It may seem that one of Pitt's best offensive weapons is also one of its most under-utilized, but that is only the case if a player's value is measured by how many times he touches the football or scores a touchdown.
Junior tight end Nate Byham doesn't feel the need to answer questions about why he is not nearly as involved in the pass-catching part of his position as his talent would seem to dictate or as fans believe he should be.
Byham said he loves to get opportunities to catch passes. But it isn't fair, he said, to judge his performance in a game simply by how much he touches the ball, because it overlooks the other areas, particularly blocking, in which he helps the team.
"I am happy to make big catches and I am comfortable with the ball in my hands, but [against West Virginia] happened to be my day," Byham said.
• Game: No. 23 Pitt (8-3) at Connecticut (7-4).
• When: Noon, Saturday.
• TV: ESPN.
"Whatever I need to do that week, I am happy with. There are some games this year where people said, 'You need to get the ball more; how do you feel about not getting the ball?' And my response is, 'Well, I had five pancakes [blocks], we won the game and [LeSean McCoy] had more than 100 yards rushing, so I did my job.'
"That's my role and I am content with it."
Byham, who has 17 receptions for 222 yards (13.1 yards per catch) this season, was again answering questions about his role this week because he is coming off his best game of the year -- at least statistically. He caught four passes for a career-high 69 yards Friday in the Panthers' 19-15 win against West Virginia.
But as Byham said, there have been other games in which he has contributed far more as a blocker. Given the Panthers' reliance on the run game, developing that phase of his game will only help him down the road as an NFL prospect.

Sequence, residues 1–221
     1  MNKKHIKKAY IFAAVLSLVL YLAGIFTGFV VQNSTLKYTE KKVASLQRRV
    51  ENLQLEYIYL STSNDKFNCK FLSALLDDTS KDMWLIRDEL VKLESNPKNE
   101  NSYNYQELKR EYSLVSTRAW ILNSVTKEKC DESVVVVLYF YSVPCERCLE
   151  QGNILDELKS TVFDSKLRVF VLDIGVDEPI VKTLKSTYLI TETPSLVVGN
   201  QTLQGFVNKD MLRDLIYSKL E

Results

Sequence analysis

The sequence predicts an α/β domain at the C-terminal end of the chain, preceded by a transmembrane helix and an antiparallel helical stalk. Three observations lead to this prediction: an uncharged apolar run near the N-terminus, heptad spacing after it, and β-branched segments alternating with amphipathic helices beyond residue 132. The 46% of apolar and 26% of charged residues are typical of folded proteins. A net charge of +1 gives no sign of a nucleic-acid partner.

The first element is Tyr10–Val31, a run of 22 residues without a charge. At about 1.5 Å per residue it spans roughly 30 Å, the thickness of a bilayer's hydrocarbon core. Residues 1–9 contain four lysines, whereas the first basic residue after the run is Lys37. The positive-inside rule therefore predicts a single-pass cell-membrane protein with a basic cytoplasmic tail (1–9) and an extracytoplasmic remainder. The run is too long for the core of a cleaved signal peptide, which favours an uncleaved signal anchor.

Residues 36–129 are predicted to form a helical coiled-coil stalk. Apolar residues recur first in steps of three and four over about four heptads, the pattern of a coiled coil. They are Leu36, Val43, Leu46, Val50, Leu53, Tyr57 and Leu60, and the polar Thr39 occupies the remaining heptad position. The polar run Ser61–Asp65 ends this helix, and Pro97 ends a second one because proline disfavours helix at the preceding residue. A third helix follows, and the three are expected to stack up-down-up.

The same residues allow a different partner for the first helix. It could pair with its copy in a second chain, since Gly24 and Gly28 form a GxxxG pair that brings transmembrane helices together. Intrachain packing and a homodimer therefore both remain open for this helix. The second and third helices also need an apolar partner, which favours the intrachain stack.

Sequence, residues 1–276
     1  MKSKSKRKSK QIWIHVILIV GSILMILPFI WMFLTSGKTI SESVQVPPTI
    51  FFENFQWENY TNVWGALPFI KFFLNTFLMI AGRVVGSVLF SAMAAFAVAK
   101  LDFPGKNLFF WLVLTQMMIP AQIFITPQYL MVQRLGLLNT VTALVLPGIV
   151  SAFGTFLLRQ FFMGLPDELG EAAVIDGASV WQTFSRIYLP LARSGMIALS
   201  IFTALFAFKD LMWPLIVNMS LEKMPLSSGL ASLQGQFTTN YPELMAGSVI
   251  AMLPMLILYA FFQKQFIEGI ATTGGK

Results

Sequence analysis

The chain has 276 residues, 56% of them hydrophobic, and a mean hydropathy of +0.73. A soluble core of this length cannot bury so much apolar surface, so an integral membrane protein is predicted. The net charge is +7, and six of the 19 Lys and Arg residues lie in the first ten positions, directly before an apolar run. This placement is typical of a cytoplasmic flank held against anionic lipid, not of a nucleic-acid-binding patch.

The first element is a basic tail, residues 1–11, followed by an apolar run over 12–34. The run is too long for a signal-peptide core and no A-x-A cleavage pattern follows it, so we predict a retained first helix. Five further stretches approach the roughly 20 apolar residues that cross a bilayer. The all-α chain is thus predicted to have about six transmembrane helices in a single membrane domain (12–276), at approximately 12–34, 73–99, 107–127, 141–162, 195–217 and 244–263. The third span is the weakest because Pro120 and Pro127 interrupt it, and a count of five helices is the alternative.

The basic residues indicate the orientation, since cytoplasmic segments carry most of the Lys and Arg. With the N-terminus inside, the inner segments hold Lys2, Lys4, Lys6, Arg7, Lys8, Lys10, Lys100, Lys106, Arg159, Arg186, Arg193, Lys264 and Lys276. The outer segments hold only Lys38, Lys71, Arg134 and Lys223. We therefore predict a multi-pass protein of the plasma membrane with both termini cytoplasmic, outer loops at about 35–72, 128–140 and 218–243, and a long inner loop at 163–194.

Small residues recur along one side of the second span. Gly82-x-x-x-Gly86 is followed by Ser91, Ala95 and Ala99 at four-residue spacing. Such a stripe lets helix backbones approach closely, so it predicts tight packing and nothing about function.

"I want to be a well-rounded tight end," Byham said. "I don't want to be a tight end with seven catches a game and two touchdowns but can't block a lick, because that's not going to help me evolve to the next level and that's not helping our team as much as it could be."
According to Byham's position coach, Brian Angelichio, the number of receptions he had against West Virginia was not by design. He said Byham is always a big part of the game plan, but the nature of the tight end position is such that how many passes come its way have more to do with the defense than the offense.
"Those things we've had in the game plan all along," Angelichio said. "It just so happened that in that game, the coverage dictated that the ball went to Nate based on how they were playing us. And he stepped up and made plays we expect him to make.
"You are always looking for a tight end to be a dual threat in the run game and in the pass game, and Nate gives us that. What he does puts pressure on the defense because when they start to load the box, the tight end becomes the easiest throw to make."
Byham said his blocking skills will likely come into play Saturday when the Panthers (8-3, 4-2 Big East) take on Connecticut (7-4, 4-2).
The Huskies have the best defense in the Big East -- they give up a league-best 286.3 yards per game and have the second-best scoring defense (18.5 points per game). Byham knows that the Panthers will have to grind out yards, because they don't come easy.
"They are very stout on defense," Byham said. "They are very good at stopping the run, so I will have a great matchup with their defensive ends and their linebackers. It should be a fun challenge, one that I am looking forward to taking on."
A victory against the Huskies would give Pitt its first nine-win season since 1982, and a 9-3 regular season -- especially considering the talent returning for next season -- would send a clear message that the Panthers are once again on the rise.
Paul Zeise can be reached at firstname.lastname@example.org or 412-263-1720. First Published December 3, 2008 5:00 AM